How did councillors think Wirral Council should spend £75,000 in Wallasey on road safety, cycling and walking?

How did councillors think Wirral Council should spend £75,000 in Wallasey on road safety, cycling and walking?

How did councillors think Wirral Council should spend £75,000 in Wallasey on road safety, cycling and walking?


Following on from yesterday’s story about a legal change meaning Wirral Council can’t prevent filming at its public meetings any more, the first meeting affected by this was a Working Group of the Wallasey Constituency Committee.

You can watch this entire meeting from beginning to end if you wish, but let’s start at the beginning.

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First here’s a list of who from the Working Group was present:

Conservative councillors
Councillor Bruce Berry
Councillor Chris Blakeley
Councillor Paul Hayes
Councillor Leah Fraser

Community representatives
Ken Harrison
Tony Jones
Brian Higgins

Labour councillors
Councillor Rob Gregson
Councillor Chris Jones
Councillor Adrian Jones
Councillor Matt Daniel
Councillor Anita Leech
Councillor Bernie Mooney
Councillor Janette Williamson

The first item was appointing a Chair (just for this meeting). Unusually nobody from Wirral Council’s legal services was present to advise the Committee, so the committee services officer Andrew Mossop asked for nominations for Chair.

Cllr Janette Williamson proposed Cllr Rob Gregson. Cllr Williamson’s proposal was seconded by Cllr Chris Jones.

Six out of seven Labour councillors voted for Cllr Rob Gregson as Chair.
Four out of four Conservative councillors voted against Cllr Rob Gregson being Chair.

So Cllr Rob Gregson was elected Chair by a vote of 6:4. Who was the Labour “rebel” who didn’t vote for Cllr Rob Gregson as Chair? Well the answer to that was he didn’t vote for himself.

Cllr Rob Gregson said “thank you very much” and wandered over to where the Chair sits and continued his list of thanks which was thankfully shorter than most Oscar acceptance speeches.

He thanked people for attending, he thanked myself and my wife, the councillors & community representatives. Having thanked literally everyone in the room, he then went on to apologies.

Andrew Mossop read out a list of apologies. It was a long list of councillors that couldn’t make it Cllr Pat Hackett (Labour), Cllr Treena Johnson (Labour), Cllr Lesley Rennie (Conservative) and Cllr Steve Williams (Conservative).

Councillor Anita Leech apologised for the absence of Cllr Ron Abbey (Labour). Another Labour councillor apologised for the absence of Cllr Chris Spriggs (Labour). The Council’s website also lists apologies from Keith Raybould (one of the community representatives).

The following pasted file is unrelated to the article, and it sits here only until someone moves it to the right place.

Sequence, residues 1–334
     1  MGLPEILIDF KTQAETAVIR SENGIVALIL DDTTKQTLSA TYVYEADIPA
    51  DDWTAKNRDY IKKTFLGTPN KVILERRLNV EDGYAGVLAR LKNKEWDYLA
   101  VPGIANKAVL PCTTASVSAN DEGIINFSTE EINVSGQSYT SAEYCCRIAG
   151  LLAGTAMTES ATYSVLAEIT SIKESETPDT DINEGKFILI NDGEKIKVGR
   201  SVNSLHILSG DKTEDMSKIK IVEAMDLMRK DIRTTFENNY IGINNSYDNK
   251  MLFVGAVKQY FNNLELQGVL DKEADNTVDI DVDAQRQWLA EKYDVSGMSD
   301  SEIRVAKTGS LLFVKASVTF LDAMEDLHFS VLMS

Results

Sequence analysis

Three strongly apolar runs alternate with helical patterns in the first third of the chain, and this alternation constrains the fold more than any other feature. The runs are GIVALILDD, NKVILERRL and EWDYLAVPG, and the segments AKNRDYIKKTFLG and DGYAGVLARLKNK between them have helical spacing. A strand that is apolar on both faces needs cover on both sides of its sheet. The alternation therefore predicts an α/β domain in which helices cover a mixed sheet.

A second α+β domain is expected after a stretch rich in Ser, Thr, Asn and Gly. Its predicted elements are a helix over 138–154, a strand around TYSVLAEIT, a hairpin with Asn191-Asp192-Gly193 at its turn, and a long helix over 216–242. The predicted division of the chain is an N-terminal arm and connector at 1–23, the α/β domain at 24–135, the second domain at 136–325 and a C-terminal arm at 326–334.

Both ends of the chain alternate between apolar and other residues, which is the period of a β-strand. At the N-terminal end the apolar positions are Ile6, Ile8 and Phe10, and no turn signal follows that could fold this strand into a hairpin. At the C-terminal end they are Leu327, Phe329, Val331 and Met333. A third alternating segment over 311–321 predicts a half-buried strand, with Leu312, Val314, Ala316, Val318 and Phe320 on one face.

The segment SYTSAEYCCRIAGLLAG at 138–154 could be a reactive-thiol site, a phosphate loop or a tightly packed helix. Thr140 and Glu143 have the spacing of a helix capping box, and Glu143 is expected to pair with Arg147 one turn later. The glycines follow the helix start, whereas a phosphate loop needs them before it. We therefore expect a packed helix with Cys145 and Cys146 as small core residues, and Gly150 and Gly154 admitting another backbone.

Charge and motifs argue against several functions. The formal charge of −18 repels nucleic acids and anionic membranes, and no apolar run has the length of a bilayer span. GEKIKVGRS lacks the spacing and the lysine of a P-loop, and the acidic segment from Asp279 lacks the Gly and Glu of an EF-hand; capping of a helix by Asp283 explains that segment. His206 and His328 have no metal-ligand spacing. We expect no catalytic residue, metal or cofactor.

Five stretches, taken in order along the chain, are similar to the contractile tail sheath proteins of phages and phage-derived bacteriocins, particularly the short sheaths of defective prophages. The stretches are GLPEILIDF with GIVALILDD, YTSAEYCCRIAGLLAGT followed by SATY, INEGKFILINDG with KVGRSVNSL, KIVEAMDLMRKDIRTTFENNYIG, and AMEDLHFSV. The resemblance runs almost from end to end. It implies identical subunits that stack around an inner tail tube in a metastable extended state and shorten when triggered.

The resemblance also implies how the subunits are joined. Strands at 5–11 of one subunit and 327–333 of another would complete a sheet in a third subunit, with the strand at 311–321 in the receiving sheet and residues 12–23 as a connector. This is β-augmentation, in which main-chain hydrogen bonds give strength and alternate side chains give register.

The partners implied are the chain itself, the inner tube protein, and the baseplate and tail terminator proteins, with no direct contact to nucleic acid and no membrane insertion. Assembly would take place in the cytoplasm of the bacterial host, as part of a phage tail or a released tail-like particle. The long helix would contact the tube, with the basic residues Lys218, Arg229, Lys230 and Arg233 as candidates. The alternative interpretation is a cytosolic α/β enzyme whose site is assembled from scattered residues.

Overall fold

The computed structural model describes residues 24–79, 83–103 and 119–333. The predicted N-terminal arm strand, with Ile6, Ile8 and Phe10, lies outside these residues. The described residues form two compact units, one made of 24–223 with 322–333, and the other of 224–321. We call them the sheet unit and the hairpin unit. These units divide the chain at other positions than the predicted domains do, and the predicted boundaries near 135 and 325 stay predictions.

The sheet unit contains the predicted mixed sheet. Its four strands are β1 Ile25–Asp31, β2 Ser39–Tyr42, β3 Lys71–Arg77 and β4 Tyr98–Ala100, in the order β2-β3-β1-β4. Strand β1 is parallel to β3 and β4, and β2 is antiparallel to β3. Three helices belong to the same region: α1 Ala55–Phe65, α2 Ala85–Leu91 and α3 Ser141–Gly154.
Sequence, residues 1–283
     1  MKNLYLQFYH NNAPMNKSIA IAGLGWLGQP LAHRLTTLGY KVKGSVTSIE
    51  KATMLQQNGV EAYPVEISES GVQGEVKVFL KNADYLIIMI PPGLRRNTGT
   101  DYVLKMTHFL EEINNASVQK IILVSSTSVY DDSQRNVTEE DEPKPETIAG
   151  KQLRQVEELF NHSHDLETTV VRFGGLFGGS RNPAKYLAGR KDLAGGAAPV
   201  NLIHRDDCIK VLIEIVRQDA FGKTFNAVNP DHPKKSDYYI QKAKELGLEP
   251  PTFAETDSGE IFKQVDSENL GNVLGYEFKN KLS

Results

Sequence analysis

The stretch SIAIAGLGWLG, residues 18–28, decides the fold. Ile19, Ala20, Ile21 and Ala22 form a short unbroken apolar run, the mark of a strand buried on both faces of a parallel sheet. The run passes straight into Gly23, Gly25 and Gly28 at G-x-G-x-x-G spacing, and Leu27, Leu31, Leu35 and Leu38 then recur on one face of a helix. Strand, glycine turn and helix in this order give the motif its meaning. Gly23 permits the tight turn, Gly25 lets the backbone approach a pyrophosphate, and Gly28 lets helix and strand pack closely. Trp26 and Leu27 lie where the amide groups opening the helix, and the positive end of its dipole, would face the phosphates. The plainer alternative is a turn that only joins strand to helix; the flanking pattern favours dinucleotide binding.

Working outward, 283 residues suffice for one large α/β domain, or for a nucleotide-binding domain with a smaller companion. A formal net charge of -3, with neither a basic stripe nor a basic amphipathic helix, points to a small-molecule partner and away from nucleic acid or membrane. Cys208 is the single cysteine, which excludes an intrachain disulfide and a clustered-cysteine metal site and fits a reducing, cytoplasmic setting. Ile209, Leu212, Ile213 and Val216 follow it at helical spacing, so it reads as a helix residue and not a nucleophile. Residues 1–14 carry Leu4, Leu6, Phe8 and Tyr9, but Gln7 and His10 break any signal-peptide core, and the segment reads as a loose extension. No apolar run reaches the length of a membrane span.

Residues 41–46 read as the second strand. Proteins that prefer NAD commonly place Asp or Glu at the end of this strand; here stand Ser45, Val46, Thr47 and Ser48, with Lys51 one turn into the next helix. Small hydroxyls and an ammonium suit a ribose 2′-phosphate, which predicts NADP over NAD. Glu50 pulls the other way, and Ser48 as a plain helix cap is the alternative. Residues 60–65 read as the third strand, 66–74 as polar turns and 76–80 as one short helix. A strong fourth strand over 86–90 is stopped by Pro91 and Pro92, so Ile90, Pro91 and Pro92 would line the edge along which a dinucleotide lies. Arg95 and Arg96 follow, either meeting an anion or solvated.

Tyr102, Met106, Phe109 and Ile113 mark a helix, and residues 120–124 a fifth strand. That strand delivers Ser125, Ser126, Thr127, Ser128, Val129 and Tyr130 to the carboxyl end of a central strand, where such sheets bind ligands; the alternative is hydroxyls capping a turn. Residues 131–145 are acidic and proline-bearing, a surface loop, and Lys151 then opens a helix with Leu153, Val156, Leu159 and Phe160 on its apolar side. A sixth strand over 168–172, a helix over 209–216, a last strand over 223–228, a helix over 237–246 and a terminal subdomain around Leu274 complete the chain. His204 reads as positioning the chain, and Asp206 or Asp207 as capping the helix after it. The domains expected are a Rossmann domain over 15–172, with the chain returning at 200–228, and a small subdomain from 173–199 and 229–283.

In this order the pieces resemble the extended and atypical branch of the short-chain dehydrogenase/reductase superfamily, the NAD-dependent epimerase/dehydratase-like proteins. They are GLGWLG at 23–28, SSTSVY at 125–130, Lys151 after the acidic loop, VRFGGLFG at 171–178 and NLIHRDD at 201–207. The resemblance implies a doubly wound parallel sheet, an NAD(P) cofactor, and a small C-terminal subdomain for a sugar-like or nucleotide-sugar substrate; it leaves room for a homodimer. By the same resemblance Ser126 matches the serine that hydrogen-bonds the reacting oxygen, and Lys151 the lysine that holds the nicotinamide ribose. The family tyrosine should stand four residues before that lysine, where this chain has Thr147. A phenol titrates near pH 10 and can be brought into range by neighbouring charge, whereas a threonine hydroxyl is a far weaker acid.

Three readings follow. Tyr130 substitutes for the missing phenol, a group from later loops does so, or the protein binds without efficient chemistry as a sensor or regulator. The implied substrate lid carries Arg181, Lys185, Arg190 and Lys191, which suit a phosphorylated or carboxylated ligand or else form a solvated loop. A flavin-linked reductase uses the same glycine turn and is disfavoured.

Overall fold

The Chair got his glasses out of his shirt pocket to read what was the next item on the agenda. He asked for declarations of interest? Nobody made any declarations of interest.

The first main agenda item was Integrated Transport Block Capital Programme Funding (2014/15). In case that agenda item title means absolutely nothing to you, it was about how the committee would decide to spend £38,875 on “improving road safety” and £38,875 on promoting active travel & health. The jargon “active travel” if you’re unfamiliar with the term it refers to walking and cycling.

The Chair asked Wirral Council’s road safety manager David Rees to introduce his report. He explained that his report and how officers decided on road safety schemes based on casualty figures. Mr Rees referred to what the money could be spent on, such as vehicle activated signs which had previously been funded by the Area Forums. Another way the money could be spent was on dropped crossings which assisted pedestrians with mobility issues, blind people, those in wheelchairs and mums with prams. The list of schemes already approved by Cabinet under central funding was referred to. He asked for areas that the Committee wished officers to look into and they would find out how much it was likely to cost.

Councillor Leah Fraser spoke first and asked a question and asked what on the list had been dealt with already which was replied to by David Rees. The next councillor to be heard was the mellifluous tones of Councillor Adrian Jones. After a short answer to his question Cllr Adrian Jones explained that he was in a position to understand his own ward (which is Seacombe) but that they had to decide what was best for Wallasey. He explained that each councillor would make a bundle of requests for their own ward which would go to officers, who’d then make recommendations. He said he assumed that David Rees must be frustrated by the process.

David Rees in his answer referred to Department for Transport regulations. Mr Rees said that even with suggestions where there weren’t recorded accidents, there may be broader benefits that officers could see for particular schemes.